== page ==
CHALLENGE THE CHAMPS
Challenge the Champs is a continuing bidding battle. Each month, two leading pairs compete, bidding deals from actual play (taken from old tournament reports or submitted by readers). Awards assigned to final contracts are estimates of the matchpoint expectancy on a 12 top in a strong pairs contest. Readers can match themselves against the experts by bidding the deals for each month in advance (the deals for next month's match are printed elsewhere in the magazine).
Nick Nickell & Dick Freeman
Fred Stewart & Steven Weinstein
Based on the April, 1995, match. The Incumbents are Nick Nickell, of New York, and Dick Freeman, of Atlanta, members of one of the dominant teams in American nationals over the past few years. Their recent tournament record includes wins in the Bermuda Bowl, three consecutive Spingold knockouts, and other national championships. They use standard American tournament methods, not quite Bridge World Standard but perhaps as close as any "standard" expert pair actually gets to using the full system.
The Newcomers are Fred Stewart, a stockbroker from Andes, New York (we'll save you the trouble of searching; Andes is a small town in the Catskill Mountains, roughly west of Kingston), and his stepson, Steven Weinstein, an options trader from Glen Ridge, NJ. They are one of the few pairs to have outstanding records in both pair and team events at the national and international level. During the past 15 years, they have won, among other titles, the Life Masters' Pairs, the Blue Ribbon (they narrowly missed a rare second victory in that event last fall), and the Reisinger teams. They also have the best lifetime record in the Cavendish Invitational, one of the world's strongest pairs events; they won most recently in 1996. The Newcomers use a home-grown big-club system, most of which is recognizable as Precision: big club, nebulous diamond, five-card majors, natural two clubs for minimum opening hands with long clubs. It won't show up much in their Challenge the Champs matches, but Stewart and Weinstein prefer an active, aggressive style, with light opening bids and threadbare preempts.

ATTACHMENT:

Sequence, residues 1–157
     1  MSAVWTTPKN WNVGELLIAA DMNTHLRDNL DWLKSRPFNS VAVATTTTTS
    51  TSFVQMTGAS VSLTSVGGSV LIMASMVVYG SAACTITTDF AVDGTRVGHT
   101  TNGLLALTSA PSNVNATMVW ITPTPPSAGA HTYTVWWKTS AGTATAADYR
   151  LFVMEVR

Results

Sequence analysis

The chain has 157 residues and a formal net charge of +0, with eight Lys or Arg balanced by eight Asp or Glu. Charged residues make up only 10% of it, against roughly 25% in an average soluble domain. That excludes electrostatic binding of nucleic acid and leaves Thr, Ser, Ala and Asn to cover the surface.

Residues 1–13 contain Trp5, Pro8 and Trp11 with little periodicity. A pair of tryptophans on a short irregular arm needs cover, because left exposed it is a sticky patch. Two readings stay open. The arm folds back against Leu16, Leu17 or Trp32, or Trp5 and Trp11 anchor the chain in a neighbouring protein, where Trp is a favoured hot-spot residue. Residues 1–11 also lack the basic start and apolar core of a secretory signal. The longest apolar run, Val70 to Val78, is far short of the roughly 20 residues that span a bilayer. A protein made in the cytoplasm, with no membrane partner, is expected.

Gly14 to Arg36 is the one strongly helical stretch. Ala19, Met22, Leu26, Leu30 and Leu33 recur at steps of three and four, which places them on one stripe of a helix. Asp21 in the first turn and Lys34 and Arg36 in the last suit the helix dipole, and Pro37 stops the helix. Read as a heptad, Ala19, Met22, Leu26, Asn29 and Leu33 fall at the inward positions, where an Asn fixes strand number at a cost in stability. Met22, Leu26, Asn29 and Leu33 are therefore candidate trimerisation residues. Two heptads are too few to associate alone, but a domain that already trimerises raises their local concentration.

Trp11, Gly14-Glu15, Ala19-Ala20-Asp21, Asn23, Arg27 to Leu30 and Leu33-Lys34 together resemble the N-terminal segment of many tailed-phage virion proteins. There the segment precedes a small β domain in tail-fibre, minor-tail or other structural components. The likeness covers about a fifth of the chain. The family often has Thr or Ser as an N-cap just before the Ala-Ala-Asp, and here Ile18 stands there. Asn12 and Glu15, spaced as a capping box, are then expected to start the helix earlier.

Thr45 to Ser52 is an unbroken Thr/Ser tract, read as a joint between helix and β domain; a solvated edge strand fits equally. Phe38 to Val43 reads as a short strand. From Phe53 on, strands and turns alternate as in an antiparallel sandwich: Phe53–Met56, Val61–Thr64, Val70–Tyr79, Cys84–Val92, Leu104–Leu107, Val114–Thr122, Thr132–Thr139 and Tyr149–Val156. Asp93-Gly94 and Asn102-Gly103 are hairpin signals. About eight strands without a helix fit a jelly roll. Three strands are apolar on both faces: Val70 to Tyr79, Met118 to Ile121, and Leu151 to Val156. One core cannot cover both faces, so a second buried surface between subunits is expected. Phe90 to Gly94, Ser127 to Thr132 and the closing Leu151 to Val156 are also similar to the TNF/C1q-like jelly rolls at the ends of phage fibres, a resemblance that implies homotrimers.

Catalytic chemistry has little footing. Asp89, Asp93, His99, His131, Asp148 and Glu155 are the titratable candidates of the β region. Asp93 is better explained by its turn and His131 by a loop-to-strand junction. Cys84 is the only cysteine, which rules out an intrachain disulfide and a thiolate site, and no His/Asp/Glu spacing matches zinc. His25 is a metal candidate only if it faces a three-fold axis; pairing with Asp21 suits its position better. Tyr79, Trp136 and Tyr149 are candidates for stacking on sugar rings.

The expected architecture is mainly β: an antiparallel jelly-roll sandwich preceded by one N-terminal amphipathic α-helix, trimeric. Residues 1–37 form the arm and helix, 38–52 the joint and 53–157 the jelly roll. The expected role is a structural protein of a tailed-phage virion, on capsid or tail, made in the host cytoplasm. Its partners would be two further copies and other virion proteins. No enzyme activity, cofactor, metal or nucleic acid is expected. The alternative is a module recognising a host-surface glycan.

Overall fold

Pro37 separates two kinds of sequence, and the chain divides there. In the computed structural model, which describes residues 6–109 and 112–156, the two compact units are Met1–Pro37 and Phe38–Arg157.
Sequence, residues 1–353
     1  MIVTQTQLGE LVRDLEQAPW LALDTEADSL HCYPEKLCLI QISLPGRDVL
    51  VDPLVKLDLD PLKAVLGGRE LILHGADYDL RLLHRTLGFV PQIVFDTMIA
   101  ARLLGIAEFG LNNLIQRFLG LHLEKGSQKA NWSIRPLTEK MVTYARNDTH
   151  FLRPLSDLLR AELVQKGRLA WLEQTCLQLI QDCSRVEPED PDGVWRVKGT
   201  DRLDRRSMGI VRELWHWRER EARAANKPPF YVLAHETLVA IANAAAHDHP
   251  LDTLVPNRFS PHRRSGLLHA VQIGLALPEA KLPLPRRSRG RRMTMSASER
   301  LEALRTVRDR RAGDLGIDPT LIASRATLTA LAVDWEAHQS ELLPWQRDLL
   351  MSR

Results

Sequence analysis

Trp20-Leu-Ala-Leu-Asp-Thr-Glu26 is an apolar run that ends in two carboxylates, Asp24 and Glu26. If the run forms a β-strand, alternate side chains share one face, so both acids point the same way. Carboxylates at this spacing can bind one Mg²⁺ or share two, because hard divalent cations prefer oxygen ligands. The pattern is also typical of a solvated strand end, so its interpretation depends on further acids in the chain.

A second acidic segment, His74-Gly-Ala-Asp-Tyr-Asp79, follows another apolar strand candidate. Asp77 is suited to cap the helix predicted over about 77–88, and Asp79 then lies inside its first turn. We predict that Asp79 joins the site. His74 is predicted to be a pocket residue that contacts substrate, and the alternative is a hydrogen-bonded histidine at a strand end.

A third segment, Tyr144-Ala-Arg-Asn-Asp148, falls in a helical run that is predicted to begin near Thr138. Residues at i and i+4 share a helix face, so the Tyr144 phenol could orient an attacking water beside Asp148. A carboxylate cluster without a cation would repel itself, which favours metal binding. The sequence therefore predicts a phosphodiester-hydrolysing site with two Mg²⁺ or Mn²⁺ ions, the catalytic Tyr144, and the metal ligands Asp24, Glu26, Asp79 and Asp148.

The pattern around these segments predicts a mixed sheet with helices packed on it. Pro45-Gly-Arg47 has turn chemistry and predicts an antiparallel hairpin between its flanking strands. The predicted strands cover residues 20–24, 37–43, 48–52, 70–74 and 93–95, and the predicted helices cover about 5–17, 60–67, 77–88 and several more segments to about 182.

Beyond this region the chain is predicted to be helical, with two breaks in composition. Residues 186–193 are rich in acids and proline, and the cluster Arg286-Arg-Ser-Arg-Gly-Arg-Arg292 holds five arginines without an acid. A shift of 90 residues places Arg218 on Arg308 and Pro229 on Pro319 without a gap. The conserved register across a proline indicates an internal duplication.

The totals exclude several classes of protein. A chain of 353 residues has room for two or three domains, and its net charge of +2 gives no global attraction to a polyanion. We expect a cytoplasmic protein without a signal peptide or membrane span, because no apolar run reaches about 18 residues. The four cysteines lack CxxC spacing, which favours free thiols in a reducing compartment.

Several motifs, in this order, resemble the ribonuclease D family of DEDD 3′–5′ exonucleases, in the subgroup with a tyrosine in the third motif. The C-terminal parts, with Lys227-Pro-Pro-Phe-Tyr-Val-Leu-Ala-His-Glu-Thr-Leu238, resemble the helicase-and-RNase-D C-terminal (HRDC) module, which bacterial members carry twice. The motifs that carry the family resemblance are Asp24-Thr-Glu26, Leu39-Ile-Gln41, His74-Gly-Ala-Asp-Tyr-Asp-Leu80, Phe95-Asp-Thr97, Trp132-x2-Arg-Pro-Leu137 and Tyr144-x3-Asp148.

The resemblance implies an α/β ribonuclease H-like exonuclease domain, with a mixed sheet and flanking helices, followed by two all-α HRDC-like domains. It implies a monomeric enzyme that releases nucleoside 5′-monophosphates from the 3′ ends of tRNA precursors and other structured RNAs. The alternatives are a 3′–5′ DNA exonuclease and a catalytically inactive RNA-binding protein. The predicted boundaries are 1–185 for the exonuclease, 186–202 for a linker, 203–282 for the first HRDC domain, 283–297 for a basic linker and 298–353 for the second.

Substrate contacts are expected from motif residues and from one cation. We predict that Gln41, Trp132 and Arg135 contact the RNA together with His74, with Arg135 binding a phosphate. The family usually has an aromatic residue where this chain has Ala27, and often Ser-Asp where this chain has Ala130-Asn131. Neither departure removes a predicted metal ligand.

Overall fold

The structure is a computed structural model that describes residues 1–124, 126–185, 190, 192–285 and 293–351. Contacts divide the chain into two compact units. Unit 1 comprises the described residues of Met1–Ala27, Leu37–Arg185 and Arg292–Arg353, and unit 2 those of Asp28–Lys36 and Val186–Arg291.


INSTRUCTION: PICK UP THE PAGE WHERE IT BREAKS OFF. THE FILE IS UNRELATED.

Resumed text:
Running Score: Nickell-Freeman 8; Stewart-Weinstein 15
South deals and bids one notrump, 15-17
♠ K J 10 6 4
♥ Q 9 5 3
♦ A K 8 7
♠ Q 5
♦ 10 2
♣ A K Q 8 7 6 4 3
|2 ♦||3 ♣|
|2 ♥||3 ♣|
In both rooms, West's overcall was artificial, showing length in the majors. In view of the possible misfit (in particular the danger of West's being void of clubs), the high requirement of 11 tricks for game in clubs, and the lack of an efficient investigatory tool, both Easts took a conservative view and settled for a simple correction to three clubs, something they could reasonably expect to make.
No technical criticism can sensibly be levelled at those decisions, but if we were able to speak frankly we'd say we consider those actions pretty chicken. And that's before we note the vulnerability. We don't know what aggressive action we'd take (probably three notrump, with an ugly result, but perhaps an invitational four clubs--and we don't pretend to know how West should react to that). But we'd surely do something.
|1 NT doubled||7|
|1 NT passed||2|
Running Score: Nickell-Freeman 28; Stewart-Weinstein 48
South deals and bids one spade
Both sides vulnerable
♠ J 7
♥ A K Q J 6
♦ J 9 8 5 4
♠ A 5
♥ 10 8 4
♣ A K Q 10 6 5 2
|2 ♥||2 ♠|
|3 ♦||4 ♣|
|4 ♥||4 NT|
|5 ♠||6 ♥|
|2 ♥||2 ♠|
|4 ♥||4 ♠|
|5 ♥||6 ♥|
It would be hard to decipher the Newcomers' highly scientific auction without a scorecard. Weinstein's cue-bid advance of the overcall promised heart support. Stewart's jump to four hearts denied a side-suit ace. Four spades asked for key cards with hearts agreed, and the reply promised two plus the heart queen. Since West had denied the ace of diamonds, East knew he was facing ace-king-queen of hearts, so he could sensibly place the slam in that suit for the higher matchpoint score.
The Incumbents reached a similar position by an entirely different route. Freeman's cue-bid was a general force, so Nickell's later four-heart bid was natural, guaranteeing good hearts.
Final score: Nickell-Freeman 59; Stewart-Weinstein 74.
A strong performance by the big clubbers gives them a solid win. They will return to face new opponents next month, bidding the deals on pages . . .
Here's a sampler of the features, articles and columns that you will find in the pages of The Bridge World each month.